Please stop talking about leadership and show me what it looks like

To lead, you need followers. This means Leadership is not a spectator sport, or a navel gazing exercise. It requires you to have a sense of purpose, to take action, and to demonstrate what you are capable of to deliver on your commitments.

If you are in a leadership position then you need to be clear about:

  1. Why you are in a leadership position in the first place? (Just to earn more money is not a good answer)
  2. What leadership means to you?
  3. How you go about leading your people and others around you?

Can you answer these questions concisely and with conviction? If not then are you a “Tofu Leader”?

Tofu Leadership

A very seasoned campaigner in a large corporation used the phrase to describe the series of leaders that he had worked for. He likened them to tofu, an ingredient that has very little flavour or smell of its own but takes on the flavour of the environment around it. These leaders would quite easily absorb the latest company-wide management initiatives and leadership jargon. On the surface they would say the right things and it would look and feel as though they are committed to the cause. It was not what the said,  it was their actions or lack of them, that really exposed them. They were Tofu Leaders, bland and lacking any real substance (you can see I am personally not a great fan of tofu).

The Antidote

I have just facilitated a high potential leadership program. At the conclusion of the 4 month program I asked the participants to present to their senior leadership team on what they had learnt about leadership and what they had been able to achieve.

This type of activity can easily turn into a theoretical, jargon ridden, love fest that has no connection to what takes place in the real world as people aim to impress and say the right things.  An afternoon of tofu discussions!

This group did not fall into this trap. They spoke candidly and directly about their own learnings and what they had been able to achieve. Their insights were not radically new, what made an impact was how comfortable they were to be themselves, to talk openly and unguarded about their thoughts and feelings and to draw heavily on their own experiences to explain what they had learnt.

Here is my summary of what they recommend leaders need to do:

1. Make strategy meaningful

  • There are not many people who get inspired by a smart graphic outlining the companies Values, Mission and Strategies. To make the Values, Mission and Strategy meaningful you need to help people identify how this relates to what they do, what is in it for them and how they can contribute.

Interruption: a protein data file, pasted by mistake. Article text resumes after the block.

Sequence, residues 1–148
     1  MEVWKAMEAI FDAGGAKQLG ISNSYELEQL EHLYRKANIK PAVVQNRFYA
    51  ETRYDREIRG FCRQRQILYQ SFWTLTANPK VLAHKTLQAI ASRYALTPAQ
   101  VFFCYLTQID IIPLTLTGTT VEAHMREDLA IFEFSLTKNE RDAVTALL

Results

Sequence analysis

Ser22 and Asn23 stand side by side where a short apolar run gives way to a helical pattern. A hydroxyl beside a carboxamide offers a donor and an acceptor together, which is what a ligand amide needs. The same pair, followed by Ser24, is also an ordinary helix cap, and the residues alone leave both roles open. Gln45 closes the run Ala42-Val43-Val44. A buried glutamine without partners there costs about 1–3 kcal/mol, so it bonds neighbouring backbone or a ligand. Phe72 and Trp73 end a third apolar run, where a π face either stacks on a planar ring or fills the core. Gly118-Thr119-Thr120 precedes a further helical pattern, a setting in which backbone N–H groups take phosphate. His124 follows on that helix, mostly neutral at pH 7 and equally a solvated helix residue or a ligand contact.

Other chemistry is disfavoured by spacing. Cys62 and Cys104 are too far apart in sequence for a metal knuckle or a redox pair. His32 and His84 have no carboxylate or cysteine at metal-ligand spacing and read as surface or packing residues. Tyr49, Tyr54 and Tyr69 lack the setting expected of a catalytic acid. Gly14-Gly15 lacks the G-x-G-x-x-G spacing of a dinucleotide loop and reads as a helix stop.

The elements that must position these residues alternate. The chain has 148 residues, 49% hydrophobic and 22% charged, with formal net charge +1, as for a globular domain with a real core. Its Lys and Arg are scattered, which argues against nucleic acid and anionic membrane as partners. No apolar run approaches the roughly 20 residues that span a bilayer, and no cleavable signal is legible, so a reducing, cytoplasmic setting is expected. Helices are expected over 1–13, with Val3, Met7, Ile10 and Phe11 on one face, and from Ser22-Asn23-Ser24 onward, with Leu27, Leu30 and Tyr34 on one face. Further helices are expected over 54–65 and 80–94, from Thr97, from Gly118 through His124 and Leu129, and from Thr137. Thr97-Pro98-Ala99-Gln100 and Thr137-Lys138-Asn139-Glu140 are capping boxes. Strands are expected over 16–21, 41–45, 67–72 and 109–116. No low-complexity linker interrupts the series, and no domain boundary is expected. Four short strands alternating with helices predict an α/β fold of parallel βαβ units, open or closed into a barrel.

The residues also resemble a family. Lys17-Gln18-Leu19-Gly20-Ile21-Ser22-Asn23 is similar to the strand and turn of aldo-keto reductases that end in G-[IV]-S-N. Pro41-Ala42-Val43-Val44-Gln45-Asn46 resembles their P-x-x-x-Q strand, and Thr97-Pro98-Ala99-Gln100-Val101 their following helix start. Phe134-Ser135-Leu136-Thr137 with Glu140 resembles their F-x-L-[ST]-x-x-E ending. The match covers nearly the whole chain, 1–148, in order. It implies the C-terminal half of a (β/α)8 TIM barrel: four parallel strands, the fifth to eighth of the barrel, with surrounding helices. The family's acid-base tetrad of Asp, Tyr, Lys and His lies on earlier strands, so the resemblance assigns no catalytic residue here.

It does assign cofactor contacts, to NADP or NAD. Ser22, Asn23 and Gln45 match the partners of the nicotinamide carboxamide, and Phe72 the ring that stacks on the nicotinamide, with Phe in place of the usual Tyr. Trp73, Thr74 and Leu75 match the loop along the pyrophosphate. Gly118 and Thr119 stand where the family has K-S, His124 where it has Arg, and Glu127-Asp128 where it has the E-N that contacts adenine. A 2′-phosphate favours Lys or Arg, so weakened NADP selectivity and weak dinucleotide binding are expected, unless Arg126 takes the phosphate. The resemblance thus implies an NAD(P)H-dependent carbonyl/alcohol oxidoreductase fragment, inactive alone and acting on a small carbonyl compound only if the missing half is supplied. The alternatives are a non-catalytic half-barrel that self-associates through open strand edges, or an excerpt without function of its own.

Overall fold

• Leaders need to work this out for themselves first of all and then  create a dialogue with their people to allow them to engage.
  • Rather than download, upload! Ask your people why they come to work , what are they looking for and then get them to see if the business  is going to give them what they want. Ask them to make the link. If they can make the link they will want to come to work, if they can’t, then maybe they should think about doing something else.
  • Communicate the “corporate speak” in a way that your people will understand. One of the aspirations for this company is Process Excellence. One of the participants knew his team would struggle to relate to the words so he tied 4 pieces of rope to a table and set them the goal of moving the table. The only condition was they had to pull in different directions. Obviously the table remained where it was. He then invited them to work out a different approach to move the table. Naturally they all pulled in the same direction, that he explained was Process Excellence  He then tasked them to work together to move the table. So naturally they all pulled in the same direction, that he explained in process excellence.

2. Stop talking and start doing

  • What you do and how you go about it will have more of an impact than what you say.
  • It does not matter if you sit at the top of the leadership tree, in the middle, or at the bottom, you are under close scrutiny from your people (Admittedly if you are at the top you are under more scrutiny, which is why you get paid the big bucks).
  • Invest the time to understand what makes your people tick, be accessible, communicate in a way that they will respond to and find opportunities to proactively make their lives easier.
  • If Leadership does not come naturally to you, then challenge yourself to get out of your comfort zone and give it a try, or maybe you are in the wrong job.

 3. Collaborate across the business

  • As businesses grow in size, how we collaborate across them, to meet customers’ needs and who is responsible for what can become confusing.
  • We can easily retreat into our silos or stove pipes and focus on our own areas of responsibility.
  • The  easy path is to play the victim, blaming other parts of the business for their downfalls and inefficiencies rather than being accountable for doing something about it.
  • The more we can rise above this and facilitate working across departments and with stakeholders the more empowering it is and the more we can contribute.
  • Think about the rest of the business the way you think about your customers. What can you do to help the other departments in your business? What would make their lives easier?.

The afternoon was nicely summarised by a couple of simple observation:

  • There is no one right approach to leadership, it’s about personalities and individuality, and you have to find what is going to work for you.  
  • The leaders we want to work for don’t just talk a good game they hold themselves accountable and lead by example.

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